Sometimes, when we are in the moment, we instinctively agree. The request might make sense at first. Or we typically have said yes to this request in the past.

        Give yourself a little time to reflect on whether you really have the time or can do the task properly. You may decide the best option is to say no. There is no harm in giving yourself the time to decide.

        5. Communicate Your “No” with Transparency and Kindness

        When you are ready to tell someone no, communicate your decision clearly. The message can be open and honest[3] to ensure the recipient that your reasons have to do with your limited time.

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        How do you say no? 9 Healthy Ways to Say “No”

          Resist the temptation not to respond or communicate all. But do not feel obligated to provide a lengthy account about why you are saying no.

          Clear communication with a short explanation is all that is needed. I have found it useful to tell people that I have many demands and need to be careful with how I allocate my time. I will sometimes say I really appreciate that they came to me and for them to check in again if the opportunity arises another time.

          6. Consider How to Use a Modified No

          If you are under pressure to say yes but want to say no, you may want to consider downgrading a “yes” to a “yes but…” as this will give you an opportunity to condition your agreement to what works best for you.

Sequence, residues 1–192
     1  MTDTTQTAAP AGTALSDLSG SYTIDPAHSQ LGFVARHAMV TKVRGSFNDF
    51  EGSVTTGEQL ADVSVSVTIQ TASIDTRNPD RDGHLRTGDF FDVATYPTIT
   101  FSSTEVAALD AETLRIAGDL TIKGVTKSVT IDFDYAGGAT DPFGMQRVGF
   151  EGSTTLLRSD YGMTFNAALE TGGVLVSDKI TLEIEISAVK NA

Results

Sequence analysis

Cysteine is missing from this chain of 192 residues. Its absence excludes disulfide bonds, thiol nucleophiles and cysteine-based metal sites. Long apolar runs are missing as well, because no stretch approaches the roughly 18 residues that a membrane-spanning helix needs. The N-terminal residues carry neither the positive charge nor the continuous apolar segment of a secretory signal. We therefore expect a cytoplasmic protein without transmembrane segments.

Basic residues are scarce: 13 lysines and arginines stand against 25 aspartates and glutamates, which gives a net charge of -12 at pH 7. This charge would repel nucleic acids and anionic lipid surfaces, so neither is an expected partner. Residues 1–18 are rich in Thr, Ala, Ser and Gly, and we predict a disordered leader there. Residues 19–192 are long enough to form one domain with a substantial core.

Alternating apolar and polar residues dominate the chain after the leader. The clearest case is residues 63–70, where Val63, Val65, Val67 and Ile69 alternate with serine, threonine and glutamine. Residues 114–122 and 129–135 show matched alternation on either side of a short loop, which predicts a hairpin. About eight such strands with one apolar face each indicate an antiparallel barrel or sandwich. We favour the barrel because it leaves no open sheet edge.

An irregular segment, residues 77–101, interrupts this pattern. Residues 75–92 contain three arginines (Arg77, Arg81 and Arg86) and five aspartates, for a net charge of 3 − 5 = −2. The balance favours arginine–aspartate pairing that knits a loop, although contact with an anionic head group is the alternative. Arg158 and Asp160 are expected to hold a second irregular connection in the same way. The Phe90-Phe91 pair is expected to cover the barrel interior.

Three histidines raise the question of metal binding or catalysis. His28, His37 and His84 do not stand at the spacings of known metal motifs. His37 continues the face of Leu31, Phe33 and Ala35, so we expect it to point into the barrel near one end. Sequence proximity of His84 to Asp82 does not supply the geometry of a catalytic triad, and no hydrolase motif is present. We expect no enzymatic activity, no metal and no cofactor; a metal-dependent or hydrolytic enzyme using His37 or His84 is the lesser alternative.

Sometimes, the condition can be to do the task, but not in the time frame that was originally requested. Or perhaps you can do part of what has been asked.

          Final Thoughts

          Beginning right now, you can change how you respond to requests for your time. When the request comes in, take yourself off autopilot where you might normally say yes.

          Use the request as a way to draw a healthy boundary around your time. Pay particular attention to when you place certain demands on yourself.

          Try it now. Say no to a friend who continues to take advantage of your goodwill. Or, draw the line with a workaholic colleague and tell them you will complete the project, but not by working all weekend. You’ll find yourself much happier.

          More Tips on How to Say No

          Featured photo credit: Chris Ainsworth via unsplash.com

          Reference

          [1] Science of People: 11 Expert Tips to Stop Being a People Pleaser and Start Doing You
          [2] Anxiety and Depression Association of America: Tips to Get Over Your FOMO, or Fear of Missing Out
          [3] Cooks Hill Counseling: 9 Healthy Ways to Say “No”